In another sample, both the IAC and the RiboSEQ GBS test results were negative, indicating PCR inhibition. This specimen was identified as GBS-negative by both culture and BD GeneOhm™ StrepB Assay with no indication of PCR inhibition. However, the discrepancy was resolved for this sample by increasing the IAC to 200 plasmid copies in the RiboSEQ GBS real-time PCR reaction which yielded a positive result for the IAC for this sample.
Table 3 shows the sensitivity, specificity, predictive values and likelihood ratios for the RiboSEQ GBS test and the BD GeneOhm™ StrepB Assay using microbiological culture for the identification of GBS as the gold standard. Confidence intervals (CI) are stated at the 95% level.
In a systematic review of the accuracy and rapidity of various intrapartum GBS colonisation tests, real-time PCR was identified as one of two feasible methods for maternal intrapartum screening . Several studies have demonstrated the speed, sensitivity and accuracy of real-time PCR tests for the detection of GBS in pregnant women [14, 24, 25]. Recently, a real-time PCR assay for the detection of ST-17 serotype III, a virulent strain of GBS associated with neonatal invasive infections was developed . Clinical studies have shown an increase in sensitivity for real-time PCR tests in comparison to the gold standard culture method [13, 27]. Higher detection rates of real-time PCR tests may be explained by the inability of culture to detect low numbers of organisms, the presence of antagonistic organisms, or possibly the detection of non-viable cells .
A relatively low carriage rate obtained by culture for GBS in this study was similar to the carriage rate of 8% reported in a recent study where vaginal swabs from pregnant women were screened for GBS . Ideally, both vaginal and rectal swabs are required to ensure the highest possible GBS detection rate . However, for this study rectal samples were not available since the specimens were collected during routine prenatal care for the purpose of general microbiological screening. Additionally, only colonies showing β-haemolysis were tested with the catalase and latex agglutination tests. The CDC method also recommends testing characteristic colonies without β-haemolysis.
In this study we developed a qualitative real-time PCR test for the detection of GBS that is rapid (75 min including sample preparation) and capable of detecting 1 - 10 genome copies of GBS. The sensitivity and specificity achieved with the test in comparison to culture were 96.4% (CI 95% 90.5 - 98.8) and 95.8% (CI 95% 84.6 - 99.3), respectively. These values compare well with previously published sensitivities and specificities of real-time PCR assays for GBS [14, 15, 29, 24, 27] (Table 4). In our hands, the RiboSEQ GBS real-time PCR test performed slightly better than the commercial FDA-approved BD GeneOhm™ StrepB Assay (sensitivity 94.6% (CI 95% 88.1 - 97.8), specificity 89.6% (CI 95% 76.6 - 96.1)). Two previous studies evaluated the clinical performance of the BD GeneOhm™ StrepB Assay and reported a sensitivity of 94% and a specificity of 95.9% for direct detection  and a sensitivity of 92.5% and a specificity of 92.5% after 4 h selective enrichment .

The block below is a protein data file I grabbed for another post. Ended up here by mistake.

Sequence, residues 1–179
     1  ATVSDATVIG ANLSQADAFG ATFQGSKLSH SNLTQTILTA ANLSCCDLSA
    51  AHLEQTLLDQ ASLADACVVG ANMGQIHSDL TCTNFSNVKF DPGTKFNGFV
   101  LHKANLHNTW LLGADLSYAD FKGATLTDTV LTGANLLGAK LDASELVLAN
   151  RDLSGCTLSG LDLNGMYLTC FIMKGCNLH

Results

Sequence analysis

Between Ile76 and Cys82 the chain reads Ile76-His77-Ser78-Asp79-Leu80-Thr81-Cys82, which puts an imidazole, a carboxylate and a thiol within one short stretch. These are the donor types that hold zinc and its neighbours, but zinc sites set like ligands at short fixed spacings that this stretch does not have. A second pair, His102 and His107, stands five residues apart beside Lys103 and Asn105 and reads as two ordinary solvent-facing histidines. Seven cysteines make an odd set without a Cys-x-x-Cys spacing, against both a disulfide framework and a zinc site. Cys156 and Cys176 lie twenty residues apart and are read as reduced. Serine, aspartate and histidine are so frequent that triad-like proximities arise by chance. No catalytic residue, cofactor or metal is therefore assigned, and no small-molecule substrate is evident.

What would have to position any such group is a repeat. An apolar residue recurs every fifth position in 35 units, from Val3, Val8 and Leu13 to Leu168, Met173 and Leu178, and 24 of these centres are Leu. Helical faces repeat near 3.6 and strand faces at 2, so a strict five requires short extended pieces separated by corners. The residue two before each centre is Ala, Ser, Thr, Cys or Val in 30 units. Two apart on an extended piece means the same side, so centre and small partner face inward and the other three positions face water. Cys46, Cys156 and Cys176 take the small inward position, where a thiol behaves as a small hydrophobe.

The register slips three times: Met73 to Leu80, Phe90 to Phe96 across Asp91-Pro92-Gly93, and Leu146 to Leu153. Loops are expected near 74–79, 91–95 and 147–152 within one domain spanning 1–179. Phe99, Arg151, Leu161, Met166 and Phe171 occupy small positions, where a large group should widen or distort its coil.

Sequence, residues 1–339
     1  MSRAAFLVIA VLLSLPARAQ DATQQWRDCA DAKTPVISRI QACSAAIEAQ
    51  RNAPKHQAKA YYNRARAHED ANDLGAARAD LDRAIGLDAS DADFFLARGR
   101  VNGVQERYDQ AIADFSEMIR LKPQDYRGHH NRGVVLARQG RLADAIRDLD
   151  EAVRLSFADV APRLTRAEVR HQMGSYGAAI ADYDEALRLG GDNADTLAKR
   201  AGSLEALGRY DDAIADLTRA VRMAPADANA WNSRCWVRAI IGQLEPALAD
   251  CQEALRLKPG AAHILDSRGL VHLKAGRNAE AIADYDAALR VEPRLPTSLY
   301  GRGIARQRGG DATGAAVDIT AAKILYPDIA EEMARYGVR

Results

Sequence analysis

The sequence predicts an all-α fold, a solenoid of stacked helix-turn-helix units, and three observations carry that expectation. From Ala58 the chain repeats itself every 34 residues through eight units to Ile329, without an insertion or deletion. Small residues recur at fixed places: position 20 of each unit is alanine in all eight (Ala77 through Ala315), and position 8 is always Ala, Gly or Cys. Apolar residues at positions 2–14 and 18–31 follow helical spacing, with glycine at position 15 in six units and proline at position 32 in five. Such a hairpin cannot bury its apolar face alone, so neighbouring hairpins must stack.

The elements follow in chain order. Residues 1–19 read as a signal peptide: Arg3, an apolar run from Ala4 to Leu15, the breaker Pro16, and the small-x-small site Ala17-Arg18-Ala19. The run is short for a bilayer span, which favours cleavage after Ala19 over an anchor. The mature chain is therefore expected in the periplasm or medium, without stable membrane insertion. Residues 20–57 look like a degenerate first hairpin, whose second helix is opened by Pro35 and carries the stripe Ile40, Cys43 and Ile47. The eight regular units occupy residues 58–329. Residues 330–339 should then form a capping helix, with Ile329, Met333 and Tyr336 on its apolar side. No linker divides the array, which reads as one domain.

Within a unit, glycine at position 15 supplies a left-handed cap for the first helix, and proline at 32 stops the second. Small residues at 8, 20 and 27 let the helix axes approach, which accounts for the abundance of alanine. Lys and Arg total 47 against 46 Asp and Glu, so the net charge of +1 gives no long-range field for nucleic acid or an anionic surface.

Test results from the real-time PCR tests correlated in 95% of samples. In five samples the culture results disagreed with concurring NAD test results. Two of these 5 samples were identified as culture-negative but GBS-positive by both real-time PCR tests. Increased sensitivities for real-time PCR diagnostic tests over the standard culture method have been reported in other studies [8, 13, 14] and can be a result of detection of non-viable cells, low bacterial burden [13, 16] or the presence of antagonistic microorganisms which inhibit growth in culture [30, 31]. In three cases, the PCR tests were negative for culture-positive samples. However, this discrepancy may be due to misidentification of GBS during culture screening. Two of these specimens were screened by genital culture and GBS growth may have been misidentified. The third sample was a UCHG duplicate swab in which the DNA may have been degraded. This sample had been stored at 4°C for 5 days before processing for real-time PCR.
Due to the dynamic status of vaginal GBS colonisation, screening intrapartum is the most accurate method of predicting the GBS colonisation status [2, 32]. Screening for GBS at the time of delivery allows antibiotics to be used more effectively thereby rationalising their use and minimising associated risks. The value of a rapid and accurate test for GBS colonisation is especially apparent in cases of premature delivery of <35 weeks gestation when screening results may not be available and babies are at greatest risk of developing early-onset GBS disease.